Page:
The album starts with Harmonium, a strong alternative rock song with electronic touches, making a great intro for Balance, a Radiohead-influenced song with a nice vocals work, really intense. Then come Closer, an Anathema's live classic, really hypnotic and unique. Like unique are Daniel Cavanagh voices in Are You There?, a wonderful song, very intimate, wich introduces the dreamy and sentimental style of future albums. Childhood Dream is a little ambiental tune with a beautiful guitar and keyboard work, while Pulled Under at 2000 Metres a Second offer the harder side of the band, on the same vain of Panic from the previous band's efforth.

A Natural Disaster is one of the best Anathema's songs, with a perfect interpretation of Lee Douglas. A song that could fit in Judgement, the true Anathema's masterpiece. And Flying does not fall behind, because it's another almost perfect tune with an outstanding chorus and vocal work from Vincent.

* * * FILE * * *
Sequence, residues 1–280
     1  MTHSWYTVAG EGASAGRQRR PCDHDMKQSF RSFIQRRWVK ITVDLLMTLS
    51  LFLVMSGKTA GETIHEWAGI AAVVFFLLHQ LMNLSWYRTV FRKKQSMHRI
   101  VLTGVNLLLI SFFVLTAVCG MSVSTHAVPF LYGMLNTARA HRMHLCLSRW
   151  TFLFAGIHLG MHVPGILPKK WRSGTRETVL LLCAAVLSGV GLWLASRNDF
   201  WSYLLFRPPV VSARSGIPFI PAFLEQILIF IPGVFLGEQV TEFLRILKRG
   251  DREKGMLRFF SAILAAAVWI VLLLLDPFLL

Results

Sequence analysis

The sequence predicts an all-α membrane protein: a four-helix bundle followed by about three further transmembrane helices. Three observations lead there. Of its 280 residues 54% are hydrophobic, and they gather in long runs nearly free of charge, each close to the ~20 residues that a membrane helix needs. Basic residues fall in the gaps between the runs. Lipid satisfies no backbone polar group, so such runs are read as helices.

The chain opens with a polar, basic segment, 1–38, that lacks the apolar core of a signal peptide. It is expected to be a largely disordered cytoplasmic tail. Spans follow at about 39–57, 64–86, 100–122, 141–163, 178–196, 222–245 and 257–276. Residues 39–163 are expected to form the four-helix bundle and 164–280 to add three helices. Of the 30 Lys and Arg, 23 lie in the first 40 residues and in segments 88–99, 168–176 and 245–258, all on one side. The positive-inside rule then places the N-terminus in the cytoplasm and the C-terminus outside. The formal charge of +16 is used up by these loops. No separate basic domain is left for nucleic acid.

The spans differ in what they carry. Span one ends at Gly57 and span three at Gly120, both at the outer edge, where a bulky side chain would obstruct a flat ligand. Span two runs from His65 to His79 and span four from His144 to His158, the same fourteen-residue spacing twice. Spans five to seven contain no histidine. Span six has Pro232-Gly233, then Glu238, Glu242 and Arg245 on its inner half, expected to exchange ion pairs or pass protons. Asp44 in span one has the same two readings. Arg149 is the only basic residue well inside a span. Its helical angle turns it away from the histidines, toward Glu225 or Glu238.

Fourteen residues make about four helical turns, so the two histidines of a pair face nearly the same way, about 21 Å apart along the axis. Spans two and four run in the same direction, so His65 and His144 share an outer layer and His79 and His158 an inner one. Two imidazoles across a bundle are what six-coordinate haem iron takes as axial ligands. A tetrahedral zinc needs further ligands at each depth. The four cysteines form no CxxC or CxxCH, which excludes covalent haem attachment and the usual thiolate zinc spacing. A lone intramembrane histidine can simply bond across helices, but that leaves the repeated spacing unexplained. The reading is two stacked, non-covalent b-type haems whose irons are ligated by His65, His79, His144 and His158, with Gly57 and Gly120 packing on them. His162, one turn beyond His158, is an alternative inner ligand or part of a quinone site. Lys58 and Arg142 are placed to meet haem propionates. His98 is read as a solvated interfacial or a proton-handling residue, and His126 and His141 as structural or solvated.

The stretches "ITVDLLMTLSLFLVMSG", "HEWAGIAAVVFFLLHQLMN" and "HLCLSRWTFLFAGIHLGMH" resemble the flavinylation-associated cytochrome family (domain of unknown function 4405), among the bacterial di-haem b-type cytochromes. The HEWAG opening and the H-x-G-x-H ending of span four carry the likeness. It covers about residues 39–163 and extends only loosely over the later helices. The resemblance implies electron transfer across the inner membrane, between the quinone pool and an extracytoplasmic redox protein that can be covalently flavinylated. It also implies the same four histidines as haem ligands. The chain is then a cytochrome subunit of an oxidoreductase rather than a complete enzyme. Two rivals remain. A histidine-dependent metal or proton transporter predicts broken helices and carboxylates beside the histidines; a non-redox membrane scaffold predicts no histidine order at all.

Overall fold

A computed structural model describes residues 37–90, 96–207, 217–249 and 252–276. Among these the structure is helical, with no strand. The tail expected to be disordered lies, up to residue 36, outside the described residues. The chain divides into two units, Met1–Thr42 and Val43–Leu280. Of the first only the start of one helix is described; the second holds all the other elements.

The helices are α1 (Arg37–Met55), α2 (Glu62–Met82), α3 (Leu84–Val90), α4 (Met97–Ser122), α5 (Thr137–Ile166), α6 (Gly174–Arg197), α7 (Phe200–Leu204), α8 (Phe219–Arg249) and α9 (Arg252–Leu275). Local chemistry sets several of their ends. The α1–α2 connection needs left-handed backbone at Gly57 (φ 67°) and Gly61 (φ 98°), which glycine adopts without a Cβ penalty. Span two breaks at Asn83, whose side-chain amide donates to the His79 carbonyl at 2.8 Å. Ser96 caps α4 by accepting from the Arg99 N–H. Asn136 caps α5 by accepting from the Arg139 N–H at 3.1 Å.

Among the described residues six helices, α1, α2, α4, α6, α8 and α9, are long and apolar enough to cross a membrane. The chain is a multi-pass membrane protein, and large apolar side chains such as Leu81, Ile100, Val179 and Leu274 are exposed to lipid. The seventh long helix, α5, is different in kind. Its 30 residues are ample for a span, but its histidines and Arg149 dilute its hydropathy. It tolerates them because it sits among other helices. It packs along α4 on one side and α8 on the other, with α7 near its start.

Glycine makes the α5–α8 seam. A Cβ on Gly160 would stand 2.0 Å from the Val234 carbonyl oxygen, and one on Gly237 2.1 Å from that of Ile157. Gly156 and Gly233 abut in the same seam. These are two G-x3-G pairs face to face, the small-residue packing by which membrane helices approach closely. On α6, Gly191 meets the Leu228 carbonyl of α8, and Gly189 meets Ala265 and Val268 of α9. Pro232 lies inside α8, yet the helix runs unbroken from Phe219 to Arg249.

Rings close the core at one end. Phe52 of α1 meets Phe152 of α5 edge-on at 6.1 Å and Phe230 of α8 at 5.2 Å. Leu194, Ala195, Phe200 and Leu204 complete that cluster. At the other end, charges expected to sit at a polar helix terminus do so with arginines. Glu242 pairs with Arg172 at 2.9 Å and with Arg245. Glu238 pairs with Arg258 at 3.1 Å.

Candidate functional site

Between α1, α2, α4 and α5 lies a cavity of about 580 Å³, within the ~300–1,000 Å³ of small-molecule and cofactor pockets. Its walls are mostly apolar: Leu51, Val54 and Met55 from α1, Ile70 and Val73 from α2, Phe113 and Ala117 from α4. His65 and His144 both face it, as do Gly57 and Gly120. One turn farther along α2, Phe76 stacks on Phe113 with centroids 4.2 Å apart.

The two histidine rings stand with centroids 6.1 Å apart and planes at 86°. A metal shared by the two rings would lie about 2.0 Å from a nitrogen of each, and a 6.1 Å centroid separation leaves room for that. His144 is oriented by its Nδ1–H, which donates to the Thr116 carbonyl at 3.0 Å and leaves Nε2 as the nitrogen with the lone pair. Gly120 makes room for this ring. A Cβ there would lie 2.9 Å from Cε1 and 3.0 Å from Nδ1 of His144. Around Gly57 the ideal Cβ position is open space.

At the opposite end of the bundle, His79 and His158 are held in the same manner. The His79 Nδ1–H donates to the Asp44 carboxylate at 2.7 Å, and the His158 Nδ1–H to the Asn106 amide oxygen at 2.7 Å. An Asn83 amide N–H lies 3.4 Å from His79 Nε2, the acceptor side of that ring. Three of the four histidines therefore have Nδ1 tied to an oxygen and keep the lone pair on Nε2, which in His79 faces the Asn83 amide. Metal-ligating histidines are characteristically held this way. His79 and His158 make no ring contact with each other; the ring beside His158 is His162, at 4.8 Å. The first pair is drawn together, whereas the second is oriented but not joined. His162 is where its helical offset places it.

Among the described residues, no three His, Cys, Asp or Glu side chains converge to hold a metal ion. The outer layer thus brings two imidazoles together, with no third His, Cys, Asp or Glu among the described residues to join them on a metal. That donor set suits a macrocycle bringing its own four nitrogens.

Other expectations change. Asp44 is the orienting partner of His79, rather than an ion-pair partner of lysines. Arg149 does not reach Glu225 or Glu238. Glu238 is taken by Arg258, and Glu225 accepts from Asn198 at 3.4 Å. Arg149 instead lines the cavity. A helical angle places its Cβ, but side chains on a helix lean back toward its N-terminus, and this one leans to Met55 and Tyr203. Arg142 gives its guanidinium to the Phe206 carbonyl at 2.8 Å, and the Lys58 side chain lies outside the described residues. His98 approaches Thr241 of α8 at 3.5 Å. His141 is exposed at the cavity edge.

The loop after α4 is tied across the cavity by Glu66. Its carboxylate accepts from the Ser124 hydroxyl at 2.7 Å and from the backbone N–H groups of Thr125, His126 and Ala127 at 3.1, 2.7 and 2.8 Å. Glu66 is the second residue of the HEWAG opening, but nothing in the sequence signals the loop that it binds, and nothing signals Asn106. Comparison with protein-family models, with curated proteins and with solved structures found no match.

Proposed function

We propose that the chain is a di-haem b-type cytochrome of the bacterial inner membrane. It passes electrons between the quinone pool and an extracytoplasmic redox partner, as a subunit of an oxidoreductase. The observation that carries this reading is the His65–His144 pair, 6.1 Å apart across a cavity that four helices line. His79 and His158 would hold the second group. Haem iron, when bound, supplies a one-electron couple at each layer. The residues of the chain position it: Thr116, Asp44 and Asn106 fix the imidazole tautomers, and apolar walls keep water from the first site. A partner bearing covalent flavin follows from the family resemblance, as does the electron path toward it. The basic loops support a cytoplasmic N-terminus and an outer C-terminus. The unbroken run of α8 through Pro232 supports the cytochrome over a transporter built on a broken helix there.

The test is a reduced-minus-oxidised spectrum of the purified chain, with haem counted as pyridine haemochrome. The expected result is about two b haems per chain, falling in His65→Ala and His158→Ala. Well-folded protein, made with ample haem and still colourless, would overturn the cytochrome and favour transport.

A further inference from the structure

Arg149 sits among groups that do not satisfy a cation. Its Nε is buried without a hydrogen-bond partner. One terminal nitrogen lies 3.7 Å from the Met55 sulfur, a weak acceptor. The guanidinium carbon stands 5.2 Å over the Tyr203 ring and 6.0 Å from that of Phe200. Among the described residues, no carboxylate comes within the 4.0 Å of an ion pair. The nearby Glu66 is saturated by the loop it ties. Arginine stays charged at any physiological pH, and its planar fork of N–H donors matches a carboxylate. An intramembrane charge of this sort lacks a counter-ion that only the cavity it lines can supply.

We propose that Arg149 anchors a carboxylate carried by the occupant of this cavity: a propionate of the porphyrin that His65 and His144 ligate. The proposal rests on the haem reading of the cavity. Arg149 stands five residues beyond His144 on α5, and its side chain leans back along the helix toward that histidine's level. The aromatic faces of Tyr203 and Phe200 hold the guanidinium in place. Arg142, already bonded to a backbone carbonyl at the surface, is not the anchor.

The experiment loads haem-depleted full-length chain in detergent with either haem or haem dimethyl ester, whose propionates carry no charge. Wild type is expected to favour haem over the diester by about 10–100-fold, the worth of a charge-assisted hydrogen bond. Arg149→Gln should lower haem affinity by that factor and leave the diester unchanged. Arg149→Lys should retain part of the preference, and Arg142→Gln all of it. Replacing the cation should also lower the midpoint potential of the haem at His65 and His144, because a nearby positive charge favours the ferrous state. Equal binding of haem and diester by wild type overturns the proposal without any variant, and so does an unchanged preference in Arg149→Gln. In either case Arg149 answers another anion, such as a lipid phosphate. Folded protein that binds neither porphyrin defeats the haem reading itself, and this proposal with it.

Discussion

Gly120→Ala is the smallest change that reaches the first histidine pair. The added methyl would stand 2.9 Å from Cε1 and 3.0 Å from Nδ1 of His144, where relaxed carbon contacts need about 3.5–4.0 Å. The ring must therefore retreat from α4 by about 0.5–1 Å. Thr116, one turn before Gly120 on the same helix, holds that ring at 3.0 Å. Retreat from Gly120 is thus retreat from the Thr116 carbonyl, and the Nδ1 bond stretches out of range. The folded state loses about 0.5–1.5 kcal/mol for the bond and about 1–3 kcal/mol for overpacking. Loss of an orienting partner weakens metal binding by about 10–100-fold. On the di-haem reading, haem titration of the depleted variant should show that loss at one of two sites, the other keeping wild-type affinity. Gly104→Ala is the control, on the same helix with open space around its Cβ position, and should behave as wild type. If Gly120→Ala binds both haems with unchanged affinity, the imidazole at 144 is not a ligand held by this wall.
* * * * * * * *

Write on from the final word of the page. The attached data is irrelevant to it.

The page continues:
But my personal favourite of the album is Electricity, a very soft and mellow song also sung by Daniel with an interesting british feeling on it, in the vein of other british prog acts like the later Marillion. Marvellous! And Violence closes the album properly. Maybe it's a bit repetitive, but the precious ending piano make up for it.

Conclusion: A Natural Disaster shows a band searching for new paths while maintaining its personality. And this quest for a new style and audiences brought a few of the best Anathema's songs and a very solid, listenable and interesting album. Afther this, Anathema would remain silent seven long years, before returning with the also excellent We're Here Because We're Here, recovering one of the most interesting british bands of the last decades. The rest is just history!